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Ecologist speaks at Earth Day forum

April 23, 2012
By MIKE LYNCH - Outdoors Writer ( , Adirondack Daily Enterprise

SARANAC LAKE - About 150 people showed up at the Pendragon Theatre Sunday for an Earth Day forum on climate change.

The first half of the forum featured several speakers, including Mayor Clyde Rabideau, Adirondack Green Circle leader Gail Brill and ecologist Jerry Jenkins. During the second half of the evening, participants were invited to visit "action stations" on the stage. The resource tables were run by experts on topics such as home energy efficiency, local food and community-supported agriculture, and transportation options.

The event was sponsored by the Wildlife Conservation Society's Adirondack Program and the Adirondack Green Circle.

Article Photos

Ecologist Jerry Jenkins talks about climate change at the Pendragon Theater Sunday during an Earth Day event.
(Enterprise photo — Mike Lynch)

Jenkins works for WIC and is the author of "Climate Change in the Adirondacks: The Path to Sustainability," a book that was published in 2010. He talked about how the extreme weather of the past year - including flooding and a warm winter - could become the norm in the future because of the increasing amount of carbon dioxide in the atmosphere. Jenkins said there is now 390 parts per million of carbon dioxide in the atmosphere, well past the threshold of 350 that climate scientists said in the past was a safe level. Scientists say the rising levels of carbon dioxide in the air is a result of people's dependancy on fossil fuels.

"My message to you is that the old predicability of the climate is gone," Jenkins said. "It doesn't mean that every year is going to be this way. I'm convinced we're entering a new climate period. It has the potential for getting a lot worse because this is just starting."

Jenkins was followed by Brill, who talked about what people can do in their own lives to be more sustainable and reduce their carbon footprints.

"I think we're obligated to do something, even if it's a shade of light green," Brill told the Enterprise, "even if it's maybe not taking your car and carpooling with someone else, or changing your light bulbs. There are a lot of things we can do - simple things. We do have to kick it up a notch because the time is of the essence really, as you can tell from Jerry's talk about how much carbon is in the atmosphere right now and how much we have to pull things back a bit."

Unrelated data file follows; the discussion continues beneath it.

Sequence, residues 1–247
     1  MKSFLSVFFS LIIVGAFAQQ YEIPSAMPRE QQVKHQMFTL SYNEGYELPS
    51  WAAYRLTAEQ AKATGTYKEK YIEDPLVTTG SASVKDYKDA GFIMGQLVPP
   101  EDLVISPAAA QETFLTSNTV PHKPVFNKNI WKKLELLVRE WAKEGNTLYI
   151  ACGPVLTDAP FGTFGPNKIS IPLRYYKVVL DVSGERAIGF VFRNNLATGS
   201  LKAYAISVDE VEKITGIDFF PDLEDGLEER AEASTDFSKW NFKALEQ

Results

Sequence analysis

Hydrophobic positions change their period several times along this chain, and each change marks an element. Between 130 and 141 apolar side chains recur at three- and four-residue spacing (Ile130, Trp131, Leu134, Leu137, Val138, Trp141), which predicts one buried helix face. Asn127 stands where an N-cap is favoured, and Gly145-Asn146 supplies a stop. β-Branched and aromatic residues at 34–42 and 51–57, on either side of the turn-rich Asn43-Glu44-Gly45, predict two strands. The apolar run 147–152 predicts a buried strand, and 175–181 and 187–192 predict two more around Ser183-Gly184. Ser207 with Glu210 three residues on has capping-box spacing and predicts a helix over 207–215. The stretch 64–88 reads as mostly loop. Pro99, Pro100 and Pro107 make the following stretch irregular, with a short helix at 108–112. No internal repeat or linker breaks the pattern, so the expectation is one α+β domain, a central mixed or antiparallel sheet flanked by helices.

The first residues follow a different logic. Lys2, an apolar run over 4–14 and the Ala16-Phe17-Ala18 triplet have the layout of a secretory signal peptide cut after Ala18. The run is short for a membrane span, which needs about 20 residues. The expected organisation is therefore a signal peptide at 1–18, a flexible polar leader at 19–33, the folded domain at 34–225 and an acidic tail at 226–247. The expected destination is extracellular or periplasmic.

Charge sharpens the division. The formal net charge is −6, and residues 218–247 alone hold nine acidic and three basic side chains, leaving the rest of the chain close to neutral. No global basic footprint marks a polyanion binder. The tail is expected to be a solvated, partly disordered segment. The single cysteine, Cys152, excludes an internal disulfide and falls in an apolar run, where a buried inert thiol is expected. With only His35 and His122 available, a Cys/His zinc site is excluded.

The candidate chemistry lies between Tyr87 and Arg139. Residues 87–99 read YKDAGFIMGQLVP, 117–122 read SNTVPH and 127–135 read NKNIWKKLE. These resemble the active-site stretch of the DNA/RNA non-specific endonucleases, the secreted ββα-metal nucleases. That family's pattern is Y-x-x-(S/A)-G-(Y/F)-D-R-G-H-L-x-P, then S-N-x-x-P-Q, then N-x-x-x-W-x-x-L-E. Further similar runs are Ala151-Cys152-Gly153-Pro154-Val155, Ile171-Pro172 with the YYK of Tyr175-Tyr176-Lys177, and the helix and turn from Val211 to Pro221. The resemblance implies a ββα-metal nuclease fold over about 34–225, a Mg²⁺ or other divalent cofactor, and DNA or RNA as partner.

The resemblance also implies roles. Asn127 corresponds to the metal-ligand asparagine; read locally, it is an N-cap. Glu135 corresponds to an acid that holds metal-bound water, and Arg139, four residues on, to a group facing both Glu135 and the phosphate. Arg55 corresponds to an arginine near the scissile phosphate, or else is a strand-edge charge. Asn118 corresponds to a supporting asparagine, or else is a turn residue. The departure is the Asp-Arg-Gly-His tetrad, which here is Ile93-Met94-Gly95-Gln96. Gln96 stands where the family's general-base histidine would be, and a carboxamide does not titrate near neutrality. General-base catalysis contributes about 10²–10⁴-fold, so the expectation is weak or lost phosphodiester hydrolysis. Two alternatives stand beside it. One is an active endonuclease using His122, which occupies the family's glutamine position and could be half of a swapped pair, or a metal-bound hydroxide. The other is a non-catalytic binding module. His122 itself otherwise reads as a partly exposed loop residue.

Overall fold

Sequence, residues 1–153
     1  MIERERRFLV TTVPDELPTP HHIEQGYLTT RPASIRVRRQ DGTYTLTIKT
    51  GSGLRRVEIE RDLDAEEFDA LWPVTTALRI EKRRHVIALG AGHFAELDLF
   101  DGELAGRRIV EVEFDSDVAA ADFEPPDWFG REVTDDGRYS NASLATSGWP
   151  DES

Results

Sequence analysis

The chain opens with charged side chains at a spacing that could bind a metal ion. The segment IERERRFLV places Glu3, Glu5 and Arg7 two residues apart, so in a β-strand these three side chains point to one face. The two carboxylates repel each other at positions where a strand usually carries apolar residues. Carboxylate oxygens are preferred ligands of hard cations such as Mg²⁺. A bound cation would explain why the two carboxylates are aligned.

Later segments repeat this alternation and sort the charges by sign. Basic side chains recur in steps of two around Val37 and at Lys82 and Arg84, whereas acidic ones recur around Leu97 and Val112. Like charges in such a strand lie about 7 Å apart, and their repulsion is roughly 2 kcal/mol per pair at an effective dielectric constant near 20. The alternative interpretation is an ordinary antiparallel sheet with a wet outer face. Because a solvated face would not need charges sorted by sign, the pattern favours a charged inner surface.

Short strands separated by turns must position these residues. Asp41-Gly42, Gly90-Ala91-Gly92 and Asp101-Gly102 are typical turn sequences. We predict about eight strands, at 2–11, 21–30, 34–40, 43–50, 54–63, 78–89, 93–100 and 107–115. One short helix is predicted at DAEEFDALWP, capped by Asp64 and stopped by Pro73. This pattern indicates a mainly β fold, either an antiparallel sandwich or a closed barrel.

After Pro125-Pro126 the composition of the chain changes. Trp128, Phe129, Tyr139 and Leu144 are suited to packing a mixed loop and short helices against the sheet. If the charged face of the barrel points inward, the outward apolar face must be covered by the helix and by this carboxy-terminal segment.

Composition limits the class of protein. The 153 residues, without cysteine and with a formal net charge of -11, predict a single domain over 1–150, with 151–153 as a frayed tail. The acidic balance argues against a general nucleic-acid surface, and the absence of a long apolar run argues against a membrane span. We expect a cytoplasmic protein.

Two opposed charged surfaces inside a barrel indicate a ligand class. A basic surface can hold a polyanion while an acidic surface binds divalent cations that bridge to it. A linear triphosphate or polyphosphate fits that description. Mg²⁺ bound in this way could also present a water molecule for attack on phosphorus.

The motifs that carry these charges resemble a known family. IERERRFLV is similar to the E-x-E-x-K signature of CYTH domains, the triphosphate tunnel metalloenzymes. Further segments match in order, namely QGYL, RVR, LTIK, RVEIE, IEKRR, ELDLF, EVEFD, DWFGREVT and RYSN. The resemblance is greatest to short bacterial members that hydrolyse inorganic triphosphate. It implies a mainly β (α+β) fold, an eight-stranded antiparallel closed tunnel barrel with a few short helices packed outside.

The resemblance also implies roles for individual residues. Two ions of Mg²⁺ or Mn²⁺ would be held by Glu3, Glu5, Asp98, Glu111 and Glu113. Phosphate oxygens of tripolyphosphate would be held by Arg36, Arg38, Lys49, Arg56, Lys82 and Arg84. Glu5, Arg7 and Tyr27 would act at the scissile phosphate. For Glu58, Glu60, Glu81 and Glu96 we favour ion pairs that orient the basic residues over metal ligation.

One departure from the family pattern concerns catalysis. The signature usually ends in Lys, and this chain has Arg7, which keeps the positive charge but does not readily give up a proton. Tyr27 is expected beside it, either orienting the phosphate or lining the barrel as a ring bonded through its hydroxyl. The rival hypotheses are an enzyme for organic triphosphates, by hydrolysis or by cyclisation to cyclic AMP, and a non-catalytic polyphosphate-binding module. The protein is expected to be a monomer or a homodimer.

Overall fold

Zoe Smith, director of the WCS's Adirondack Program, said she would love for the people who attended the event to walk away with a new idea or resource from the action tables.

"(I hope) that they can make a difference or make a change in their life that would then lead to small change in sustainability," Smith said.

Jerry Cheney of Saranac Lake was one of the many local residents who attended the forum. He said he attended because global warming is a serious issue and was interested in learning more about how he can make a difference.

"I'd like to be more serious about what I can do myself," he said. "Each individual can make an effect."

Rabideau, who attended the meeting with village Trustee Paul Van Cott, gave an introductory speech. When asked why he wanted to speak on Earth Day, he said he wanted to support the people.

"We have a very dynamic and committed group of people in Saranac Lake devoted to the environment. Whether the environment is just our village or the North Country, or the Adirondacks or the world, they get together, they coalesce, and they get things done," Rabideau said. "We have 150 people on a Sunday evening on a wet and cold evening, where a lot of people like to cuddle on the couch with a blanket wrapped around them watching MTV or something. They're here because they care. And if they care, I'm going to be here."



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